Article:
Mark T. Fisher, Ph.D.
Department of Biochemistry and Molecular Biology
University of Illinois, Urbana IL. Ph.D., 1987
National Institutes of Health, National Heart, Lung and Blood Institute, Bethesda, Maryland (Staff Fellow)
Publications: Click here
In Memory: Mark T. Fisher
June 21, 1954 - September 4, 2018
It is with great sorrow that we announce the unexpected passing of
our colleague, Dr. Mark T. Fisher.
Dr. Fisher joined the faculty of KU School of Medicine in 1994 and
rose to the rank of Professor in the Department of Biochemistry and Molecular
biology. Dr. Fisher was an active and internationally recognized expert on
protein folding and structure. He was supported through a long history of
extramural grants and partnerships with the NIH and biotech industry.
Mark was a cherished colleague, beloved for his scientific acumen
as much as for his personal warmth and sense of humor. He embodied the role of
Professor: he sought to understand the natural world and his love for this
endeavor was expressed by enthusiastically sharing his knowledge with those
around him, whether trainee or colleague. He was committed to the educational
programs and research enterprise of KUMC and spoke with great conviction in
public and in committees to defend and nurture those missions. In his
professional life, Mark's first commitment was always to his students, and he
reveled in his interactions with graduate and medical trainees. His great love
for science animated him and he safeguarded this treasure by training
generations of scientists and physicians, sharing with them his passion,
knowledge and insights. His professional legacy will persist in his important
body of work, the many trainees whose lives he touched, and the colleagues who
were better scientists and people for knowing him. His departmental colleagues
will truly miss seeing Mark in his riding clothes and helmet, rolling his
bicycle through the department halls - perhaps sunburnt, drenched by rain,
frozen by snow - but always ready with a hearty greeting and a warm smile. He
was a friend to all who knew him and the great sadness born of his absence is a
testament to the life he lived so very well.
The only thing Mark loved more than science was his family.
He was a devoted and loving husband, father and grandfather. He is
survived by his wife Kathleen, three children and grandchildren.
JOVE video here
Video highlight from 2014 publication (scroll down) here.
Alexandra J. Machen, Narahari Akkaladevi, Caleb Trecazzi, Pierce T. O'Neil, Syaranta Mukherjee, Yifei Qi, Rebecca Dillard, Wonpil Im, Edward P. Gogol, Tommi A. White, and Mark T. Fisher (2017) "Asymmetric Cryo-EM Structure of Anthrax Toxin Protective Antigen Pore with Lethal Factor N-Terminal Domains", Toxins 9(10. pii:E298. doi:10.3390/toxins9100298
Pace, SE., Joshi, SB., Esfandiary, R., Bishop, S., Middaugh, CR., Fisher MT.*, Volkin, DB.*, (2018) (*-co corresponding authors). The Use of GroEL-BLI Biosensor to Rapidly assess "Pre-Aggregate" Populations for Antibody Solutions Exhibiting Different Stability Profiles, 2017, J Pharm Sci. 2018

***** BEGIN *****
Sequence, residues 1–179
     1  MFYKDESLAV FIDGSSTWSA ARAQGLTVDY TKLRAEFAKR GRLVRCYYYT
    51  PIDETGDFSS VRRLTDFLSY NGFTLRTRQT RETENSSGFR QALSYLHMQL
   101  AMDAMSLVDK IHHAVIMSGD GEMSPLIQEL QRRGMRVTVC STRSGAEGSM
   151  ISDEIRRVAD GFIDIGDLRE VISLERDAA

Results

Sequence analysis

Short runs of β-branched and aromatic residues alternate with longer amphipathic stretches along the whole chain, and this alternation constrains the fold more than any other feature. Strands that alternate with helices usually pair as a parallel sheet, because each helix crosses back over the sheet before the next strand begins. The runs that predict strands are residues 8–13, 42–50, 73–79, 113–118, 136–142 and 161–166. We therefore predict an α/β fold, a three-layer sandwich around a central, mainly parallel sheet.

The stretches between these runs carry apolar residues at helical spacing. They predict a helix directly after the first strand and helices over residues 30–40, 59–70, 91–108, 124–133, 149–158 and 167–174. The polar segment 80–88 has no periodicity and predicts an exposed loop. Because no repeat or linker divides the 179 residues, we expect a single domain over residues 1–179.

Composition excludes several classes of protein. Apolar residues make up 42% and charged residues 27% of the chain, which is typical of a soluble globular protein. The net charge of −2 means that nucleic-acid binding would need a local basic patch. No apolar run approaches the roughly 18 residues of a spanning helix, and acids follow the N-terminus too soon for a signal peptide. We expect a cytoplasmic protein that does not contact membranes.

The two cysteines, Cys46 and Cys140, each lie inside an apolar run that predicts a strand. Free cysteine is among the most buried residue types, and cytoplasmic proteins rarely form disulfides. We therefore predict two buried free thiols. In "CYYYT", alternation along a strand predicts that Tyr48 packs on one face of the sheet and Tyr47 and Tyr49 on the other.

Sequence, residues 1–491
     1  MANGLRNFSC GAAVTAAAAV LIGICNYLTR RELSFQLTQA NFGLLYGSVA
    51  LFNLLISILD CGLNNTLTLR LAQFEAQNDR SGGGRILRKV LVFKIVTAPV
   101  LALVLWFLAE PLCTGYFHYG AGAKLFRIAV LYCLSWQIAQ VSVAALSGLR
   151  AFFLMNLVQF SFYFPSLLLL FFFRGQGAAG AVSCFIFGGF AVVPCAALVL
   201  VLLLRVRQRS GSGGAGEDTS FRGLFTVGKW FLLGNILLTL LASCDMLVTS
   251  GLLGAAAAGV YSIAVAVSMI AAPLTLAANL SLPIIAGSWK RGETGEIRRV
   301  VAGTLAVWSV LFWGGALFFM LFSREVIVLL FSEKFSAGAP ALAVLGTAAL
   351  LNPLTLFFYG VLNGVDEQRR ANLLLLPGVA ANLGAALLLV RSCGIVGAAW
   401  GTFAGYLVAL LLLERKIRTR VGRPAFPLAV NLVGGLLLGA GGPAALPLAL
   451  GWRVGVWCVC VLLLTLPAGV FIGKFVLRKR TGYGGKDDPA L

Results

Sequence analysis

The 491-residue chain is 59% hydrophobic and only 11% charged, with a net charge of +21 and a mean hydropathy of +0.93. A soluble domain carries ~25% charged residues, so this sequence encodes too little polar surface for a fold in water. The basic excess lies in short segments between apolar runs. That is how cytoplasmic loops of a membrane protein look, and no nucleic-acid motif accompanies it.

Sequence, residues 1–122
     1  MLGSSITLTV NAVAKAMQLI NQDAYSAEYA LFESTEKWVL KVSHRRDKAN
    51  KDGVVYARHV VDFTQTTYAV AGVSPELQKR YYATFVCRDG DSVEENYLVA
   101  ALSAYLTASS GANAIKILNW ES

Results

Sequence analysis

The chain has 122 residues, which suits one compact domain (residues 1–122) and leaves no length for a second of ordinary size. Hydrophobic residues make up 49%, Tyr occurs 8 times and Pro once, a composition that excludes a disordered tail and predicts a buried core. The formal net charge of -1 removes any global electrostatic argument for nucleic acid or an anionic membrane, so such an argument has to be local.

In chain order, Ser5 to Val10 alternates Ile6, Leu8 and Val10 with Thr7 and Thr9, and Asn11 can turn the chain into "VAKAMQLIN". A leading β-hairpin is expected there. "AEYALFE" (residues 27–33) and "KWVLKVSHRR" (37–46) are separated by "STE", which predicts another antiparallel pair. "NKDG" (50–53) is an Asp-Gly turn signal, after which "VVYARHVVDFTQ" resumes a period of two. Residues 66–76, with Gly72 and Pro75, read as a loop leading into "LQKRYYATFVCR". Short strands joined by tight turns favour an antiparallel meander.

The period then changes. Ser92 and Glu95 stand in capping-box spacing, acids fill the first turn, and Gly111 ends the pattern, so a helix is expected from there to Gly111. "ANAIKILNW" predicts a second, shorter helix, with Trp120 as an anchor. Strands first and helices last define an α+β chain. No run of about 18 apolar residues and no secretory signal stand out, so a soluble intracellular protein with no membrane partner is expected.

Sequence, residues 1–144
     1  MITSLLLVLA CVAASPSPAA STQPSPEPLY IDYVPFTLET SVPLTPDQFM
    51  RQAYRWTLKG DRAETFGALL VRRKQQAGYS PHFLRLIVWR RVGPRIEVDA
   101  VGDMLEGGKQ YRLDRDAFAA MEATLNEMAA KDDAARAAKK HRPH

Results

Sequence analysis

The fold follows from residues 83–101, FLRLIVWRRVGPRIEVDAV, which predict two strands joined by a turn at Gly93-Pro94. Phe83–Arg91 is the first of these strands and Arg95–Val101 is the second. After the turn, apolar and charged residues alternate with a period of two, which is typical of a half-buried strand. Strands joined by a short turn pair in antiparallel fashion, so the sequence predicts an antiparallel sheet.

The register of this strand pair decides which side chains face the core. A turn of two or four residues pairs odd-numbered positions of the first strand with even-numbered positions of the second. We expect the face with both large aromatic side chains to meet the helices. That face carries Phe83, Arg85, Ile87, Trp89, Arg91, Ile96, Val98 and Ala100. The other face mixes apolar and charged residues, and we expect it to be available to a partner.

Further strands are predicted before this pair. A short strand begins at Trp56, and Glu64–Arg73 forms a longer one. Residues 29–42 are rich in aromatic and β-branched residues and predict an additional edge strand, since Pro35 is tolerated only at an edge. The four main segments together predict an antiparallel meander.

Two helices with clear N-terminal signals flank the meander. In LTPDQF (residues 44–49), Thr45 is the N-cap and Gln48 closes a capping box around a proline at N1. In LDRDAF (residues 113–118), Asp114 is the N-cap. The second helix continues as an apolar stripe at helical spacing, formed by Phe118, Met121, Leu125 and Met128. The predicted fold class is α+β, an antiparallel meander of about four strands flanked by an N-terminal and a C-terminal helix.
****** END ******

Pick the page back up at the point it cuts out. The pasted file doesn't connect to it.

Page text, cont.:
Pierce T. O'Neil,†, Alexandra J. Machen1,†, Benjamin Deatherage, Caleb Tracazzi, Alexander Tischer, Matthew T. Auton, Michael Baldwin, Tommi Ann White, and Mark T. Fisher,* (2018) "The Chaperonin GroEL: A Versatile Tool for Applied Biotechnology Platforms" †cofirst authors, *corresponding author. Frontiers in Molecular Biosciences, 5, article 46, 1-18. doi.org/10.3389/fmolb.2018.00046
Machen, A. J., O'Neil, P. T., Pentelute, B. L., Villar, M.T., Artigues, A., Fisher, M.T. Analyzing Dynamic Protein Complexes Assembled On and Released From Biolayer Interferometry Biosensor Using Mass Spectrometry and Electron Microscopy. J. Vis, Exp. (138), e57902, doi:10.3791/57902 (2018). See above for video link.
Major Research Interests
Projects: Structural biophysics of transient and captured protein states (Anthrax Toxin Pore translocation complex), Protein Folding and Pharmaceutical Drug Development.
Introduction to our research:
Our understanding of protein folding inside the cell has advanced significantly over the last two decades. Biochemists are now aware that cellular protein folding is, in most cases, assisted by other essential proteins called molecular chaperones. With this new knowledge, we are beginning to appreciate the critical role the protein homeostasis plays in cell viability and Human disease. From a medical standpoint, understanding cellular folding is extremely important because valid estimates gleaned from molecular genetic databases indicate that between 30 TO 50% OF THE TOTAL NUMBER OF HUMAN DISEASES AT ONE TIME ARE CAUSED BY SOME SORT OF PROTEIN FOLDING DEFECTS. Among the most well-known folding diseases are Alzheimer's disease, Parkinson's disease, Huntington's, ALS, and Cystic Fibrosis. In addition these more recognizable diseases, we are now also aware that bacterial/viral protein toxins have to undergo folding changes that result in disease. In these cases, numerous bacterial/viral protein toxins (Anthrax, Diphtheria, Botulinum, Ricin, Shiga toxin, influenza, MRSA) literally change folding shapes during infection.
To make any headway on these broad disease fronts, our research efforts must advance from the preliminary discovery phase obtained from genomics or proteomics efforts toward the application to devise targeted therapies to tackle each of the disease states one protein at a time. In order to develop small molecule stabilizers for proteins, we use the high affinity form of the chaperonin protein to detect partially folded proteins (dynamic or metastable). We use this interaction to construct a moderate throughput chaperonin based platform technology using label free technologies Surface Plasmon Resonance (SPR) and Biolayer interferometry (BLI) to screen and validate chemical compound libraries. The latter label free method is the primary platform that we routinely use in the laboratory. The research in the Fisher lab is focused on taking the vast knowledge describing molecular chaperone function and applying this data to establish broad based research tools and approaches to eventually aid in the identification and design of the next generation of small molecule protein drugs to ameliorate Protein Folding Diseases. We have also designed novel protein toxin based platforms to recapitulate and detect endosomal like unfolding/refolding transitions of occur as bacterial or viral toxin gain entry through cellular endosomal membranes.